Cut, Cap, and Balance is Dead. Long Live Cut, Cap, and Balance.

Reporting on Politics and Policy.
July 29 2011 12:26 PM

Cut, Cap, and Balance is Dead. Long Live Cut, Cap, and Balance.

It may be temporary, it may just be a PR victory, but the conservatives appear to have won. The new version of the Boehner plan steps up the importance of a Balanced Budget Amendment -- a key component of Cut, Cap, and Balance. So conservatives have ensured that the second bill that will pass the House will have some of the the same components that Democrats rejected in Cut, Cap, and Balance. And it may get fewer votes!

According to members leaving the conference just now, the Boehner plan will get this tweak: A balanced budget amendment will have to pass both chambers before the second "tranche" of the debt limit increase/cuts -- $1.6 trillion -- and whatever the Supercommittee recommends. Which kind of BBA? It doesn't matter. Any kind. That's different from Cut, Cap, and Balance in that the prior bill required a BBA "that contains a spending limitation as a percentage of GDP, and requires that tax increases be approved by a two-thirds vote in both Houses of Congress for their ratification," and required it for any increase in the debt limit.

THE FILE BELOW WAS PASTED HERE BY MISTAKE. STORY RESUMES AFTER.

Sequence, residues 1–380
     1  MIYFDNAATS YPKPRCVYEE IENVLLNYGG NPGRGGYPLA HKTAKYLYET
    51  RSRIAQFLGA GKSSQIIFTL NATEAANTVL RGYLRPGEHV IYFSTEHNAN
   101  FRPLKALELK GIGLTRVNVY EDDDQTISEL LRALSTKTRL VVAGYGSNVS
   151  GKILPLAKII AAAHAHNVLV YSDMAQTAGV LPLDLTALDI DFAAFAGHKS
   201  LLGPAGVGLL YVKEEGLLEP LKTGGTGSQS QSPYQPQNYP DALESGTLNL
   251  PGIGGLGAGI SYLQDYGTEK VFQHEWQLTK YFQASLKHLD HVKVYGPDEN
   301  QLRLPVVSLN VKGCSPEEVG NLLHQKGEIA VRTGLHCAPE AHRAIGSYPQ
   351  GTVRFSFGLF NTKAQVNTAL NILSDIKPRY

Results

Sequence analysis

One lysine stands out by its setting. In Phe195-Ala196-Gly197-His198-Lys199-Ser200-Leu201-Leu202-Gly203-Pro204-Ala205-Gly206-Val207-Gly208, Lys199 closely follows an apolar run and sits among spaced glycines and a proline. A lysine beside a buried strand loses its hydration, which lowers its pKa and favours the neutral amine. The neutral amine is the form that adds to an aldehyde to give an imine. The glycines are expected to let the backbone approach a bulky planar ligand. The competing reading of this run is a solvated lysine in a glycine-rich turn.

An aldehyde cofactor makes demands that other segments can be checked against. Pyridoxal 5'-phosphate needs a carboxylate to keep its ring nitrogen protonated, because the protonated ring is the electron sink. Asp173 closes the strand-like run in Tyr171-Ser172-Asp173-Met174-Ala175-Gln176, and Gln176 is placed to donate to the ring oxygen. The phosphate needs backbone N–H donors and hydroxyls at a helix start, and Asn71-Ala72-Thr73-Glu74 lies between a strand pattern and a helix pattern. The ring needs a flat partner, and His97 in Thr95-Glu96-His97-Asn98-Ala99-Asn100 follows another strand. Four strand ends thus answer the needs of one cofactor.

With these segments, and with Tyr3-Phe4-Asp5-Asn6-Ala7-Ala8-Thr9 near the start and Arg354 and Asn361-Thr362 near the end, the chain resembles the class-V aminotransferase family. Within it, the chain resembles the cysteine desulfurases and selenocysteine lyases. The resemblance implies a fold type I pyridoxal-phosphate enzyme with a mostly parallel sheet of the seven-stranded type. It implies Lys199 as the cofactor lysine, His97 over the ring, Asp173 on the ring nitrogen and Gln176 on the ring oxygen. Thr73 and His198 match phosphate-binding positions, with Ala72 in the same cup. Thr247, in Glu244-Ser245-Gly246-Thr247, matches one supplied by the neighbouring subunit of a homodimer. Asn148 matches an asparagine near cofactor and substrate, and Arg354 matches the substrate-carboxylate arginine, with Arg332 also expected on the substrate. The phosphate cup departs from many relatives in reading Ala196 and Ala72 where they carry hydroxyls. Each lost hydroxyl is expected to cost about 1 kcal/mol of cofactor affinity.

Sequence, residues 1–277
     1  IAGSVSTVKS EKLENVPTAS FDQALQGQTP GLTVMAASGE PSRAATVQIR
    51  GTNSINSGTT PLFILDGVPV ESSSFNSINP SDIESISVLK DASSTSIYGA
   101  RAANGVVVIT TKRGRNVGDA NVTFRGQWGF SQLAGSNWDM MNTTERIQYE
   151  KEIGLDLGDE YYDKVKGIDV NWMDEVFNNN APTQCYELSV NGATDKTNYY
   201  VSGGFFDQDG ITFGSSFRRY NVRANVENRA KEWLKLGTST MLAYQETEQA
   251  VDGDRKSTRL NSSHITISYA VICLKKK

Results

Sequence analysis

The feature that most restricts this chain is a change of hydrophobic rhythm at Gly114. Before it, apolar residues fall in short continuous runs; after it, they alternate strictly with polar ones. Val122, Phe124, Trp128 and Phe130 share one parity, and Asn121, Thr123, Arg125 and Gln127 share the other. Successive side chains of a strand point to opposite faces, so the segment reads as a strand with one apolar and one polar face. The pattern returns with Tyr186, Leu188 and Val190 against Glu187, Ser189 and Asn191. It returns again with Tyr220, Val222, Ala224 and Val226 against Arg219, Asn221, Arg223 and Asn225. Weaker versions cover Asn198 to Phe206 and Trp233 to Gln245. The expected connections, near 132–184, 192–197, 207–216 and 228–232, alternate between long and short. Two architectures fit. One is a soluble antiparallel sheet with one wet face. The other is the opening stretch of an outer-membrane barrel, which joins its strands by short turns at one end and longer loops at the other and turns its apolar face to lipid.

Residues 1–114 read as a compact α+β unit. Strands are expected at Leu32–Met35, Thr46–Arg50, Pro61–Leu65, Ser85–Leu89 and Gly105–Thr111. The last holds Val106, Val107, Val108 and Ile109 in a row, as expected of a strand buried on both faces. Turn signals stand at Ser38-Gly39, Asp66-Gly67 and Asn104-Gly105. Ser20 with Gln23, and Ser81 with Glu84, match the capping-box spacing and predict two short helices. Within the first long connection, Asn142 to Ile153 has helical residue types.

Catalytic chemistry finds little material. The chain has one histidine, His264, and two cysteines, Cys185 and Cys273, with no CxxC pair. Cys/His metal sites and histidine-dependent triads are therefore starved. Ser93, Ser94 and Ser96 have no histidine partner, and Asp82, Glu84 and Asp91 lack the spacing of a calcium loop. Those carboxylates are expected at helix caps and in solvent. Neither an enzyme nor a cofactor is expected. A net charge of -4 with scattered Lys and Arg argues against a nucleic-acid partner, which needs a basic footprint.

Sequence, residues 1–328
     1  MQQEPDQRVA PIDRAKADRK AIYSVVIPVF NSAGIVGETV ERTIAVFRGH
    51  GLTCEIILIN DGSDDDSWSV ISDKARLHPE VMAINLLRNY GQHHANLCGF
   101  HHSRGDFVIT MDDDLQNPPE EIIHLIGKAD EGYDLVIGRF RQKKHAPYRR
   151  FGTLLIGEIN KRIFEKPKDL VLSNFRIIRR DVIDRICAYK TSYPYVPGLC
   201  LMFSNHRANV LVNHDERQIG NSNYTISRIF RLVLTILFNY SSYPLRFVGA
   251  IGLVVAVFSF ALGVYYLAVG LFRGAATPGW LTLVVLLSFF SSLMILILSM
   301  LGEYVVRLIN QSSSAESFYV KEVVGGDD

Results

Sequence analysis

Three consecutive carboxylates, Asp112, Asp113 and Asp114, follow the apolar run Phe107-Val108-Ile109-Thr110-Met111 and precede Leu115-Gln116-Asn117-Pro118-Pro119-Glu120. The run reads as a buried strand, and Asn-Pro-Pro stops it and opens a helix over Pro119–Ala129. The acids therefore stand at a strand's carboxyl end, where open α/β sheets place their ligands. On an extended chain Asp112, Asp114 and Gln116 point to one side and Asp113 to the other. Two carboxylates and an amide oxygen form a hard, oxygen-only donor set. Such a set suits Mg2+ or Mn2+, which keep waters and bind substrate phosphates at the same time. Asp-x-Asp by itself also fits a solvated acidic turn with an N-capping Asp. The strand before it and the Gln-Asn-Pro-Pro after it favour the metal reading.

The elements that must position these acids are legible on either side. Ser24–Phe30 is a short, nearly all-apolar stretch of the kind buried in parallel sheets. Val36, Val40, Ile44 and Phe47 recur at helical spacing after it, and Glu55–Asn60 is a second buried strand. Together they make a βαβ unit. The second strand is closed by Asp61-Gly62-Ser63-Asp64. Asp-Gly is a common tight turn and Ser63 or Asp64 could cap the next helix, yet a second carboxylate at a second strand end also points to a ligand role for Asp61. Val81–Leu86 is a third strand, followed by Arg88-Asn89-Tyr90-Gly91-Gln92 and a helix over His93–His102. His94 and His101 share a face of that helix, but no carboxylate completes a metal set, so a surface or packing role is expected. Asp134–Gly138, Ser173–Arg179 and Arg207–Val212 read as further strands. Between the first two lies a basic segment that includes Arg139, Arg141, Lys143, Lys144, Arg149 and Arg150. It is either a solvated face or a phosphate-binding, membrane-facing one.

It's still not enough for some hold-outs.

"If you save it for the second tranche, I'm not sure that it's enforceable," said Rep. Joe Walsh, R-Ill., still voting no. "We should do it now."

Rep. Mike Pence, who was already won over by the prior plan's promise of a BBA -- no strings -- was convinced that the new version had won over more conservative voters. He held out hope, despite what Democrats have been saying so far, that a long, "serious" debate about the BBA could be won.

Why do I say this may be a PR victory? If it works, Republicans can say what they wanted to say yesterday: "We've passed two bills, and the Senate hasn't passed anything." But they'd be in a weaker position than they were yesterday, because they've proven that they can't pass a bill without a BBA hostage situation. How would markets react to the threat of an early 2012 debt limit vote that requires a supermajority for passage? We'll never find out. All we found out this morning is that Boehner is as weak as Democrats said he was in his relationship with conservatives.

David Weigel is a Slate political reporter. 


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